Why kids should help in planning the family holiday

Letting kids in on planning for a trip will not only make it more fun for everyone, it will also teach them valuable life lessons.

Young girl studies a map with a magnifying glass in preparation for a holiday.
  • Sue White
  • October 2019

We’ve all done it: booked a trip, worked out the itinerary, then told the children – all they had to do was turn up. But if you let kids in on the planning, you’ll reap rich rewards.

Rip into the research together

Give kids (age appropriate) research tasks: “Perhaps one can plot distances on a map, while an older child could research the local food and then find a cooking class everyone can do together. They will feel they are making a family contribution,” says Brian.

Get them to pack their own bags

Kids as young as preschool age are ready to participate in the packing process. Sure, you’ll need to supervise (and likely do some repacking) but the payoff is that they’ll learn early to take responsibility for their possessions. For older kids, it only takes one instance of forgetting an essential item to take the job more seriously (it’s up to you whether you dive in to save the day).

Two little girls put folded clothes into suitcases
Even young kids can be encouraged to do their own packing.

Don’t book after bedtime

A family holiday can start with the planning. “You can shortlist hotels together, decide on restaurants everyone would like and then let the kids help make the booking,” says Brian Caswell, a father of four and author of the MindChamps Reading and Writing Programs opens in new window.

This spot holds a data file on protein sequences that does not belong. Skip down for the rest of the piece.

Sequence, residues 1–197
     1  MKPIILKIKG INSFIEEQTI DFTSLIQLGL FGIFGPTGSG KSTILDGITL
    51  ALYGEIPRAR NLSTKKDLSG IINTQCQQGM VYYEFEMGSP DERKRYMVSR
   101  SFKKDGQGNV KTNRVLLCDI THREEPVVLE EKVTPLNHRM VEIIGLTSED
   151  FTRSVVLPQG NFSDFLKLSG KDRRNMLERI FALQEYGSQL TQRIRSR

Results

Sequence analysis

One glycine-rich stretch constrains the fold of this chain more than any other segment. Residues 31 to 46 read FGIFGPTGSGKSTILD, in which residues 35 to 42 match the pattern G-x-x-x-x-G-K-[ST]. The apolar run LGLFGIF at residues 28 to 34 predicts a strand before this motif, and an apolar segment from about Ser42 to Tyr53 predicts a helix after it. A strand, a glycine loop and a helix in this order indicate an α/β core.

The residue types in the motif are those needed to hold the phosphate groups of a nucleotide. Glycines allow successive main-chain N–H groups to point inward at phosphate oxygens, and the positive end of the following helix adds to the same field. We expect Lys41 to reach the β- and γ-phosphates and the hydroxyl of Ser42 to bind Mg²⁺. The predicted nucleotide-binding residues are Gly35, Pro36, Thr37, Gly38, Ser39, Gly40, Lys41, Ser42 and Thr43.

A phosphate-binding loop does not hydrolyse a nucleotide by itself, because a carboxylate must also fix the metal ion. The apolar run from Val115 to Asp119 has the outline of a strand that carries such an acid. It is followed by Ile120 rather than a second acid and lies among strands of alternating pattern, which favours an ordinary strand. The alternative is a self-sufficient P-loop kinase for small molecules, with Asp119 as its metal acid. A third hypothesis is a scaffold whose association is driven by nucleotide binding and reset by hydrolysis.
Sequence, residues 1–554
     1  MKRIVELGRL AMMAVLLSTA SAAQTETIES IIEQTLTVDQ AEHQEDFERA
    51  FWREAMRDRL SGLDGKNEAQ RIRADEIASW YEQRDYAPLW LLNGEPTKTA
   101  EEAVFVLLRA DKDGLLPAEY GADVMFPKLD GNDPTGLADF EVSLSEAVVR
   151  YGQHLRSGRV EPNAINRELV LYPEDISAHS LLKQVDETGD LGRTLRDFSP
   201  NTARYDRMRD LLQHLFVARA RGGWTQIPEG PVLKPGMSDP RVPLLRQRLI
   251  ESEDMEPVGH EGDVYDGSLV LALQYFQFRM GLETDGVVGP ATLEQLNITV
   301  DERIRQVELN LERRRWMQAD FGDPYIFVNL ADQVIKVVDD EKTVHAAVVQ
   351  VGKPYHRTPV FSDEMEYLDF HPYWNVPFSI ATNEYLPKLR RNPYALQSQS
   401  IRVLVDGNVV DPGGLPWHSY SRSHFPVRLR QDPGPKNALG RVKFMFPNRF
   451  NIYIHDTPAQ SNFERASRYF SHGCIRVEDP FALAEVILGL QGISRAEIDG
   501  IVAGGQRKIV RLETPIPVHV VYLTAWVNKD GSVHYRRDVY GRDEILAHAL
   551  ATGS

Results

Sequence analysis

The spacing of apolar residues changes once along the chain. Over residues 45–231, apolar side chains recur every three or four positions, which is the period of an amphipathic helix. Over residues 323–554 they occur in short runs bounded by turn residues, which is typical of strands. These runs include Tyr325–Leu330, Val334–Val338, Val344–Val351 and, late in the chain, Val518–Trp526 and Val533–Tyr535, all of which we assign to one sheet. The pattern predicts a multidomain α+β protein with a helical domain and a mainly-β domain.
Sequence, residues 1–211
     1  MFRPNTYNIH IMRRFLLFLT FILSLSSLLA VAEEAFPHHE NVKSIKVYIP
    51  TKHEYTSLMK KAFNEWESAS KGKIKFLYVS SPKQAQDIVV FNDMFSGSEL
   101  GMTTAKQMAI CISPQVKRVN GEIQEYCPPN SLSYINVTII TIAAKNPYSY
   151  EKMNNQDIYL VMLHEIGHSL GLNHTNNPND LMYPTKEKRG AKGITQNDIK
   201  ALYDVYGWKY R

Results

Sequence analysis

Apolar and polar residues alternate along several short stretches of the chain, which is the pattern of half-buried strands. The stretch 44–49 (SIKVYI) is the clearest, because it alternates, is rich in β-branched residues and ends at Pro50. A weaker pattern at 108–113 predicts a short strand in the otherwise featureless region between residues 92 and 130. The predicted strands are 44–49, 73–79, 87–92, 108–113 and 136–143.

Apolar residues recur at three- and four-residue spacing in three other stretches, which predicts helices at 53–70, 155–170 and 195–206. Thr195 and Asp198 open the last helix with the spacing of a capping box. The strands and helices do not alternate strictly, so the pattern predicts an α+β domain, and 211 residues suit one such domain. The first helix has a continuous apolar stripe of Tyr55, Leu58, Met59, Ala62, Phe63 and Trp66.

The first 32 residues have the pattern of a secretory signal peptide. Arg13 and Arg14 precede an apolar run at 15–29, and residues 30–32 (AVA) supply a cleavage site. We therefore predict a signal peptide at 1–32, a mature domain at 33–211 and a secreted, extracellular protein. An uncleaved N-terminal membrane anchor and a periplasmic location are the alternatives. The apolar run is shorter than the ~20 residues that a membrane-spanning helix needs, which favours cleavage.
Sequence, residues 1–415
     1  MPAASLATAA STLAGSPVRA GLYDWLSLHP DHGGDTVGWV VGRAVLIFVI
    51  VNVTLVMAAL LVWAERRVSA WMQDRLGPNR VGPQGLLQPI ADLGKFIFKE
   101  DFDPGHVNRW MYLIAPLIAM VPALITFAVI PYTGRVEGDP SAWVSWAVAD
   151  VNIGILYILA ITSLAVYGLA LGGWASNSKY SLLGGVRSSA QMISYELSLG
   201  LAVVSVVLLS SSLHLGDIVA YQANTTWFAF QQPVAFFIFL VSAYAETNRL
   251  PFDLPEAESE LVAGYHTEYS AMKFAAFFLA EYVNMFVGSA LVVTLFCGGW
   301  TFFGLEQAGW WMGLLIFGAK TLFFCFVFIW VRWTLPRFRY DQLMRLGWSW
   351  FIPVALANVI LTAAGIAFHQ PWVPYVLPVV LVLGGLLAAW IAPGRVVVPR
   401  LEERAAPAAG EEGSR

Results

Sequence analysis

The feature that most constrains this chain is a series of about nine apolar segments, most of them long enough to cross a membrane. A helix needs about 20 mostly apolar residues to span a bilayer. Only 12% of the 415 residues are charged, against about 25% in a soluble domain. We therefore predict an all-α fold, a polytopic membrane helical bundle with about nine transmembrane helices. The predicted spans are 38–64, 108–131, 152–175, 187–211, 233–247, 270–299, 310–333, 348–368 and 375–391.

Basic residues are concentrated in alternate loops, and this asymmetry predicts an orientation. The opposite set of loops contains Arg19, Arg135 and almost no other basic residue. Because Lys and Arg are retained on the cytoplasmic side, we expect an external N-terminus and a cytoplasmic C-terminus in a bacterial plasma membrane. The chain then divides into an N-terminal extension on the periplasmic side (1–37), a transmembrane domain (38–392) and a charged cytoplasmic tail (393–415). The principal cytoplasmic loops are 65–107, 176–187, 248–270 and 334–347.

Bring the kids into the budgeting

Holidays provide a great opportunity to educate children on the value of money. “My girls save for their holiday spending money by selling old toys, games or clothes,” says life coach and keen traveller Linda Anderson opens in new window. “We then show them how to convert their earnings into the relevant currency. At the destination, they are free to use this money to buy anything they want.”

Autonomy pays off

“Let each child organise one day of the trip,” suggests Brian. “They can pick anything to do that day – maybe give them a budget – and they have to navigate the family there and make all the decisions, from what to eat to where to visit.” This helps children gain confidence – and parents, you’ll enjoy a complaint-free day!

A young girl sits on the bonnet of a car reading a map
Letting the kids take control of one whole day of the holiday can be win-win for everyone!

Learn the language

Teach your kids to open their minds ahead of overseas holidays. “We get them to learn basic greetings and phrases in another language and to count to at least 10,” says Linda. This helps kids to not only start thinking about their upcoming travels, it offers an opportunity to connect more deeply with the destination. Plus, the locals will love it.